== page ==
In cron.log I can see that ntpdate is being triggered from a cron job which is running daily at 23:15

Mar 10 23:15:01 seitan /USR/SBIN/CRON[22407]: (root) CMD (/etc/network/if-up.d/ntpdate)

But I cannot seem to find the cron job that is causing these messages to fill up my syslog

Mar 10 23:15:01 seitan ntpdate[22416]: the NTP socket is in use, exiting

I'm guessing I need to change this cron job to stop the ntp service before this command executes, then start it again afterwards, but I don't know where this is being triggered from. I have checked the cron.daily directory and it only contains a file ntp which only seems to rotate the ntp stats (contents below):


# The default Debian ntp.conf enables logging of various statistics to
# the /var/log/ntpstats directory.  The daemon automatically changes
# to a new datestamped set of files at midnight, so all we need to do
# is delete old ones, and compress the ones we're keeping so disk
# usage is controlled.

statsdir=$(cat /etc/ntp.conf | grep -v '^#' | sed -n 's/statsdir \([^ ][^ ]*\)/\1/p')

if [ -n "$statsdir" ] && [ -d "$statsdir" ]; then
    # only keep a week's depth of these
    find "$statsdir" -type f -mtime +7 -exec rm {} \;

    # compress whatever is left to save space
    cd "$statsdir"
    ls *stats.???????? > /dev/null 2>&1
    if [ $? -eq 0 ]; then
            # Note that gzip won't compress the file names that
            # are hard links to the live/current files, so this
            # compresses yesterday and previous, leaving the live
            # log alone.  We supress the warnings gzip issues
            # about not compressing the linked file.
            gzip --best --quiet *stats.????????
            case $return in
                    exit 0                  # squash all warnings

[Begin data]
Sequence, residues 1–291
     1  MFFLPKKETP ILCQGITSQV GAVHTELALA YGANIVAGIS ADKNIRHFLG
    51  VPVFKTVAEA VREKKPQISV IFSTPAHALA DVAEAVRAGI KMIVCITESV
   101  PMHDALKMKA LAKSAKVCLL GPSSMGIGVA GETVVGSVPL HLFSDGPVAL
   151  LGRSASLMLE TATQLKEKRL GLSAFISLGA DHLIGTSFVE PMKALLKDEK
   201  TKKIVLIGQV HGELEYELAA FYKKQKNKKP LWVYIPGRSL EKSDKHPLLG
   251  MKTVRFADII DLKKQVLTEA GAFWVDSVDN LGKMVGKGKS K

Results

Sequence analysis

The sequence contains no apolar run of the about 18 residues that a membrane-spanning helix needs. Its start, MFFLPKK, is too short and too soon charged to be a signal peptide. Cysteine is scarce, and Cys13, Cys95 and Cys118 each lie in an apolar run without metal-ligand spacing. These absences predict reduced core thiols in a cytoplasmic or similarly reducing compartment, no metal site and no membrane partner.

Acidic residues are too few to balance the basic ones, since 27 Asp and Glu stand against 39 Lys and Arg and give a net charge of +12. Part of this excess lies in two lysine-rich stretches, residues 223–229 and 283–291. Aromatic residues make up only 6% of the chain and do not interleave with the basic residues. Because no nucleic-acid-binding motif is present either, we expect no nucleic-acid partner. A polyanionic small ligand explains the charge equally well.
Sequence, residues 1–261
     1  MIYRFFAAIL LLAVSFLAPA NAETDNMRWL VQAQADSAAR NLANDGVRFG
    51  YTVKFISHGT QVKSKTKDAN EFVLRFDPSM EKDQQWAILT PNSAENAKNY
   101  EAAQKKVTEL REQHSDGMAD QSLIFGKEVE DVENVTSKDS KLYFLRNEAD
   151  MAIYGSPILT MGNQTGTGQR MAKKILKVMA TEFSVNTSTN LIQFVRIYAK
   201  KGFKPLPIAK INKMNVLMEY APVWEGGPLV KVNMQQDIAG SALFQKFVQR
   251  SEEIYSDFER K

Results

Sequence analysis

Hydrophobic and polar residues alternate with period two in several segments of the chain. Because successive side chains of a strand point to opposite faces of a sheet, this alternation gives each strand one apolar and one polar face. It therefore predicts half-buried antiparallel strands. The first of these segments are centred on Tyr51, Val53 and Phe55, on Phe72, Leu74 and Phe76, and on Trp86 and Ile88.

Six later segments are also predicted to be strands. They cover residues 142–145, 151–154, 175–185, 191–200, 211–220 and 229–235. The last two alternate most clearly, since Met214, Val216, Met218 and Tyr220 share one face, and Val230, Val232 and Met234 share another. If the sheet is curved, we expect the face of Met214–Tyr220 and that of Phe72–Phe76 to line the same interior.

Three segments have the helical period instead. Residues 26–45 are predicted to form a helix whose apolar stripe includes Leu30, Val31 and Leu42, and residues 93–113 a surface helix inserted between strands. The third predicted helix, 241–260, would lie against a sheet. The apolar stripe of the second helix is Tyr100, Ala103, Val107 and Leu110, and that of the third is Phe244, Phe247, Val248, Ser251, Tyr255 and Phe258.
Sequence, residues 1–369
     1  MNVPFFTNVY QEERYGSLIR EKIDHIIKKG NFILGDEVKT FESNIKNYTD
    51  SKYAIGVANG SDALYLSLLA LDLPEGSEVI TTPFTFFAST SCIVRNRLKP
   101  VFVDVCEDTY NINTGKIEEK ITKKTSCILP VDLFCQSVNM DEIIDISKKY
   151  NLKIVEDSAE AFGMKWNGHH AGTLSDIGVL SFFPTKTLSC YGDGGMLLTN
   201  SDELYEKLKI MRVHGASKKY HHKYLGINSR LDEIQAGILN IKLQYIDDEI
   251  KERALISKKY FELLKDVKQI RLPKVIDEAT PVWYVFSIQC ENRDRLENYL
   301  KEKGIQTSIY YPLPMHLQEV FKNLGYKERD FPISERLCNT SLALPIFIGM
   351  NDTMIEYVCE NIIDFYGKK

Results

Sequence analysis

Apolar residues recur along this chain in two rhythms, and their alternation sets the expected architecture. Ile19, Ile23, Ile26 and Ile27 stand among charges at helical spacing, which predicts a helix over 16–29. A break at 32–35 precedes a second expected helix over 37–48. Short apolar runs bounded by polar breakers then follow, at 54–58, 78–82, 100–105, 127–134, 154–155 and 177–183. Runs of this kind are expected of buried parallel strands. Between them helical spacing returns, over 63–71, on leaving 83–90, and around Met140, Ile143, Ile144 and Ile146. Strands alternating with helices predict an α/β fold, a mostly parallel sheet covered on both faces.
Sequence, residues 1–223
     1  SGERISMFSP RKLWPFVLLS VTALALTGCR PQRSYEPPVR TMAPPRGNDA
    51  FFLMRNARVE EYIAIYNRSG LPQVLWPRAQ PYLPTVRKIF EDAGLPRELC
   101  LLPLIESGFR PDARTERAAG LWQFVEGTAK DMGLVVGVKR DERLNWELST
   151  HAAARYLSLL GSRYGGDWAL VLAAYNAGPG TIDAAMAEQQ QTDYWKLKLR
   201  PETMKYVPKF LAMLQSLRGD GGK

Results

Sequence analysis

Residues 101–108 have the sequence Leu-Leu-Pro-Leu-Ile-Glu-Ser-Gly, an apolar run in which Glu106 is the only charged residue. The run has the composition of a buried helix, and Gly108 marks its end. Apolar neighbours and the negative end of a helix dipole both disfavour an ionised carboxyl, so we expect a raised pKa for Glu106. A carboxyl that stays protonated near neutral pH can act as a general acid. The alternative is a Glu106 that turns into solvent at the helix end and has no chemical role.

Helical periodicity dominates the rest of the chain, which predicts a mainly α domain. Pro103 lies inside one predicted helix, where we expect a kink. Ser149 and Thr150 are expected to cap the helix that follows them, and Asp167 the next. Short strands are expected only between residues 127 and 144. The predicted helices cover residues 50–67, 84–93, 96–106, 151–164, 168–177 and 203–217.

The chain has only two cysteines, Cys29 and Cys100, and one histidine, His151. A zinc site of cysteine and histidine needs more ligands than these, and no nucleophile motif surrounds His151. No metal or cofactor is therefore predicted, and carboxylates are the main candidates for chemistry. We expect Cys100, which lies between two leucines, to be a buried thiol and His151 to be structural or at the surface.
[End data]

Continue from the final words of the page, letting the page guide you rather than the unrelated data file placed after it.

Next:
exit $return            # but let real errors through

I have never touched any of the ntp configuration in the system.

  • change this cron job to stop the ntp service before this command executes - No, don't do this. The NTP server needs to stay running for the most precise time. If you have a correctly configured ntp daemon, then do not use ntpdate. – Zoredache Mar 12 '15 at 17:33
  • I never changed any of these settings so I don't know where it's being triggered from in order to deactivate the ntpdate cron job – runningonplants Mar 12 '15 at 17:38
  • 1
    Tell us more about your system then? What distro? How did it get installed (is it a hosted VM)? With more details about your system, someone might know where the default jobs are configured. Past that I would just do a cd /etc ; grep ntpdate * -R and cd /var/spool/cron ; grep ntpdate * -R. Figure out the purpose of each matching file. – Zoredache Mar 12 '15 at 17:52
  • @Zoredache thank you - /var/spool/cron/crontabs/root had the line containing the ntpdate cron job! If you'd like to enter that as an answer I will mark it correct – runningonplants Mar 12 '15 at 18:22

If you have ntp running and configured correctly, there should be no need to run ntpdate at all.

All I typically use it for is to manually set the clock during installation.

  • Thanks, see my edit - I have never touched any of the ntp configuration in the system. – runningonplants Mar 12 '15 at 17:33
  • Remove or disable ntpdate it may be leftover from an old version. ntp now does everything that used to require ntpdate. – BillThor Mar 13 '15 at 0:21

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